Oundle: Snow, hail, rain, lightning and thunder in the morning
Kettering: A violent storm burst over the town about 8.30am. Throughout Northamptonshite, it became so dark between 8.30 and 9.00am, that lights were used everywhere.
Easton Mauduit: Sun bright at 8.15am, about 8.40 am I was startled by a long rattle of thunder and saw a black cloud coming from NNW. it burst upon us with snow and sleet from about 8.50 to 9.30am.
London: It began to rain at about 9.50am with a boisterous wind from the SW, which suddenly raced to the north, changed from rain to sleet then to hail and finally settled down to a good fall of snow. Darkness as of night now prevailed as a sharp thunderstorm passed.
The steeple of St Clement Danes in the Strand was struck by lightning as was St Stephen's in Rochester Row, Westminster.
Kennington: Just after 10 o'clock, snow and hail fell heavily, accompanied by a perfect hurricane and the thunder and lightning which followed were terrific. For a time, it was almost impossible to carry on the tram or omnibus traffic and passengers on the roofs of the omnibuses and trams sought shelter in the shops and other covered ways.
Brixton: Many trees were blown over in the gale.
Kingston-upon-Thames: About 10am, the sky suddenly became overcast and a torrent of large hailstones accompanied by thunder and lightning. So violent was the wind that 6 large trees were levelled to the ground in an instant.
Sheerness: An interval of darkness, followed by snow thunder and lightning and a NW gale.
Hythe: At 9am, rain, at 10.20am, dense darkness and snow blizzard which lasted for a few minutes.
Crowborough Observatory: Sussex: Sky became suddenly overcast about 10.15am by a dense mass of cloud from NW, snow began to fall. In less than 5 minutes, quite  a hurricane came on, and a regular blizzard which continued till about 10.35am. At 10.25am there was a brilliant flash of lightning and a very loud and prolonged peal of thunder.


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#19 User is offline   BUTTERFLY 

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Posted --

Given the fact that some people died from hypothermia and others were put out of work, we should be grateful for our current mild winters!

I note that from 7th to 19th (except 15th) temperatures below -21 deg. C. were recorded and that these are the lowest minima for these days in February. Do you know what was the minimum on 15th February 1895 (the lowest temperature for 15th February was -21.5 deg. C. on 15th 1978 - see http://www.ukweather...posts=5&start=1, so 15.2.1895 must have been warmer), and why was it higher than the other days (was the wind stronger or from a slightly less cold direction, etc)?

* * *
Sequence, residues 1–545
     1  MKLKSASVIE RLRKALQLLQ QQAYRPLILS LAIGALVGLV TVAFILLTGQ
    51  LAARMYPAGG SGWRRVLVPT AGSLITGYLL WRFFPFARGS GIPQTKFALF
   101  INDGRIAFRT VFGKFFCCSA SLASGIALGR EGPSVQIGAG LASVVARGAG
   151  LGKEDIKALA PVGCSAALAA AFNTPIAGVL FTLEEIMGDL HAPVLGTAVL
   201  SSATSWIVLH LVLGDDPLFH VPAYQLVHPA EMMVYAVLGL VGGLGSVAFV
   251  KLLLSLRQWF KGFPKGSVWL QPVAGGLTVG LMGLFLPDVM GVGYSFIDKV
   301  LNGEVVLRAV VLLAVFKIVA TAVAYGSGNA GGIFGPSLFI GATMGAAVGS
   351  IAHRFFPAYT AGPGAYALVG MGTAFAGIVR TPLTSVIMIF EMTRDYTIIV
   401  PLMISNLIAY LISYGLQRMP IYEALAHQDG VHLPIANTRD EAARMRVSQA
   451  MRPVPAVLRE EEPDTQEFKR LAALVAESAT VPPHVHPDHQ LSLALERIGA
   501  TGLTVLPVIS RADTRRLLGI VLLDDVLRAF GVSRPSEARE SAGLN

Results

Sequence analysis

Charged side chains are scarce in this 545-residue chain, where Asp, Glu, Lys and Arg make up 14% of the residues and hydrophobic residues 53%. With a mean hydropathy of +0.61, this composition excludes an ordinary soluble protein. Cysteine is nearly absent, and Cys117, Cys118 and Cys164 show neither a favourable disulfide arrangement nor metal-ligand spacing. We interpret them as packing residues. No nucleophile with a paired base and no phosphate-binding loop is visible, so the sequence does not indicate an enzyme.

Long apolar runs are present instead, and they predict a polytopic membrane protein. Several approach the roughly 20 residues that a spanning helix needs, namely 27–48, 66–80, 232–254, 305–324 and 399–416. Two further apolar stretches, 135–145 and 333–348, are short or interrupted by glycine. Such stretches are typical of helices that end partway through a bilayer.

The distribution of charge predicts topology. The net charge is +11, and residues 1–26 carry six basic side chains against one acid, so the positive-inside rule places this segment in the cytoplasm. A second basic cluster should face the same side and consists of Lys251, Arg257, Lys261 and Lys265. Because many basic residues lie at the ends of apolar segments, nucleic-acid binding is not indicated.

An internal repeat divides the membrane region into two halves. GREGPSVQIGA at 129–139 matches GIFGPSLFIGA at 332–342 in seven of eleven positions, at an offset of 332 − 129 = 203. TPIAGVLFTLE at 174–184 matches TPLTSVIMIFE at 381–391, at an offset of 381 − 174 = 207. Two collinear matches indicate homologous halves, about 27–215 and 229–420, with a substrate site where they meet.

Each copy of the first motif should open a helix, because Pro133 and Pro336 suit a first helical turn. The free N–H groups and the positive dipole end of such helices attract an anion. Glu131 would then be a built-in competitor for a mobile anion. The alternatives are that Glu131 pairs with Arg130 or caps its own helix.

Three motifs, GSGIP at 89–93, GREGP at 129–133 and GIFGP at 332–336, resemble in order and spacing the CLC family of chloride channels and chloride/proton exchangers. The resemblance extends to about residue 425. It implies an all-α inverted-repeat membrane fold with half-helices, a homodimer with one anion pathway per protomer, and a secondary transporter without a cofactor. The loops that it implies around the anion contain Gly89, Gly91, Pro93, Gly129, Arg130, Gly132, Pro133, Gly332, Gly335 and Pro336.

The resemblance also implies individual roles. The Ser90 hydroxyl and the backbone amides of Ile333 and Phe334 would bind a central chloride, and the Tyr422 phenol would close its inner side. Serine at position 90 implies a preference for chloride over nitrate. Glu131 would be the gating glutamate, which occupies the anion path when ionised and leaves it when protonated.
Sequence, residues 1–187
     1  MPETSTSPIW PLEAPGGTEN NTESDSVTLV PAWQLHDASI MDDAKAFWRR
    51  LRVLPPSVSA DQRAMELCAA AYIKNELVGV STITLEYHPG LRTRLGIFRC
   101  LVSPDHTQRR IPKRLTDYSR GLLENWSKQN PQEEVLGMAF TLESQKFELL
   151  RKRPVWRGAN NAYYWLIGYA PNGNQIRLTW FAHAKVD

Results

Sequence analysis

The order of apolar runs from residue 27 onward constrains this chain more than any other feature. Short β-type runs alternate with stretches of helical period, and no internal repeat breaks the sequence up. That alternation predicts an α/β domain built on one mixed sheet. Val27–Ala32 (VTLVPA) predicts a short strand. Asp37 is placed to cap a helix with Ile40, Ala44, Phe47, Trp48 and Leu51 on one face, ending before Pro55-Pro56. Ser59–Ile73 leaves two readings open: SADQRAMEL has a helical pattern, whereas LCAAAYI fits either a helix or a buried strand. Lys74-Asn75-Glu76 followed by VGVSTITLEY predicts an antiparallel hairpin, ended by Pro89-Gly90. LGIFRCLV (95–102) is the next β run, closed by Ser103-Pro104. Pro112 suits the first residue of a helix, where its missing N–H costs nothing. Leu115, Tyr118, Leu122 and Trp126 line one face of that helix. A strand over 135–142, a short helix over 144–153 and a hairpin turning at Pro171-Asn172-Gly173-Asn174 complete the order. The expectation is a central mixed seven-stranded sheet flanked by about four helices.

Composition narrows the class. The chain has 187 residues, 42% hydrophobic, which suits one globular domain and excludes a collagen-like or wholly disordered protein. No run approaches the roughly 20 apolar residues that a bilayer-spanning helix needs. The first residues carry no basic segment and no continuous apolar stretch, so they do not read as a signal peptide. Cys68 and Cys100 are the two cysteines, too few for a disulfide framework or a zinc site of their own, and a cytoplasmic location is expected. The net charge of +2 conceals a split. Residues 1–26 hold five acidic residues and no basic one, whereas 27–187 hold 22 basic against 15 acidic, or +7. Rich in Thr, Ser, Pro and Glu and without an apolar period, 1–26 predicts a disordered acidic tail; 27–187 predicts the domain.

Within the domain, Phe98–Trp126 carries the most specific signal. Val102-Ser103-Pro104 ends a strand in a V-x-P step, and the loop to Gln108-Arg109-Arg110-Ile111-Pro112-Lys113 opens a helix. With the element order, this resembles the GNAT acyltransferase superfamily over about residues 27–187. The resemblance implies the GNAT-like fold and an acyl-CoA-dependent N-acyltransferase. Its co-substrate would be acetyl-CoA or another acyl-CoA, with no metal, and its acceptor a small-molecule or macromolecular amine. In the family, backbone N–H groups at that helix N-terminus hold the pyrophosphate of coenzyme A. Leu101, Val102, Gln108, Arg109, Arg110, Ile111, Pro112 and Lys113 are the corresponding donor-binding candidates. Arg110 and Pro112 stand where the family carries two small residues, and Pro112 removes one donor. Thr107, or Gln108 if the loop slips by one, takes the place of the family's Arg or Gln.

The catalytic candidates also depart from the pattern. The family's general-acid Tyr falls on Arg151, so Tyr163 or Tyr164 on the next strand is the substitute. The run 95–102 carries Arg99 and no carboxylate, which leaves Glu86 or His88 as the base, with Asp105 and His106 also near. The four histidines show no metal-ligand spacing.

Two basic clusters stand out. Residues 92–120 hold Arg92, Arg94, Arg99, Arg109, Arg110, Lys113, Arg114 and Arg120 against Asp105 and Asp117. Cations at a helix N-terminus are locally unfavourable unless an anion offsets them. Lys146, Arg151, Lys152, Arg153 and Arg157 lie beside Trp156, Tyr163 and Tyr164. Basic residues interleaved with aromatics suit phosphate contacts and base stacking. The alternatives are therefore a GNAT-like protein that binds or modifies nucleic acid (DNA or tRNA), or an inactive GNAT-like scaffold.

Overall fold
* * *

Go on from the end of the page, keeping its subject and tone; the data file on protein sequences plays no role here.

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#20 User is offline   BUTTERFLY 

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Posted --

As the minimum for 12th February 1895 was -20.6 deg. C ., I should have stated in the last post above that temperatures below -20 deg. C., not -21 deg. C., were recorded for each day from 7th to 19th February 1895 except POSSIBLY 15th February (as the latter could have recorded as low as -21.4 deg. C. and still been slightly warmer than the -21.5 deg. C. on 15th February 1978).

This is probably the most remarkable spell of cold nights recorded in Britain; not only did it record the joint lowest British temperature (along with 10.1.1982 at Braemar and 30.12.1995 at Altnaharra in Sutherland) of -27.2 deg. C. at Braemar on 11th February 1895, it also recorded the longest consecutive spell of days which had the coldest temperature on record for those dates in any year, of 8 days from 7th to 14th February (indeed if 15th February also had been colder than in 1978, this would have continued until the 19th February, giving 13 successive such days. Also, there must have been at least 8 successive days below -20 deg. C., though if 15th was below -20 deg. C , then there would have been at least 13; I say "at least" since it is just possible that -20 deg. C . or below was recorded on 20th February 1895 (where the lowest temperature was recorded in 1978, with -22.0 deg. C. - the lowest for 21st is -18.3 deg. C. in 1968, while the lowest temperatures recorded on 5th and 6th February are exactly -20.0 deg. C. in 1912 and 1917 respectively) so theoretically there might have been a 14 days spell of temperatures below -20 deg. C. There may even have been 1 or 2 other days below -20 deg. C. as (a) The lowest temperature recorded in Britain on 31st January is -21.4 deg. C. on 31st January 1895, indicating that the very cold spell started before 1st February 1895 (b) The lowest for 4thb February is -21.7 deg. C. in 1897, so potentially 4th February 1895 might have fallen below -20 deg. C. After 21st February, all days except 26th (-18.3 deg. C. in 1963), 28th (-19.3 deg. C. in 1986) and 29th (-12.8 deg. C. in 1936) have recorded below -20 deg. C. so theoretically there could have been more days towards the end of the month below -20 deg. C although the narrative above indicates that after 21st temperatures started to return to normal. It is likely that February 1895 contained easily the largest numbers of days when the temperature fell below -20 deg. C.. Even -15 deg. C. or -10 deg. C. is extremely cold (quite a few sites in the British Isles, especially on or near the coast, have not even recorded as low a temperature as either of these) and it is probably also true that February 1895 contained record numbers of these days as well.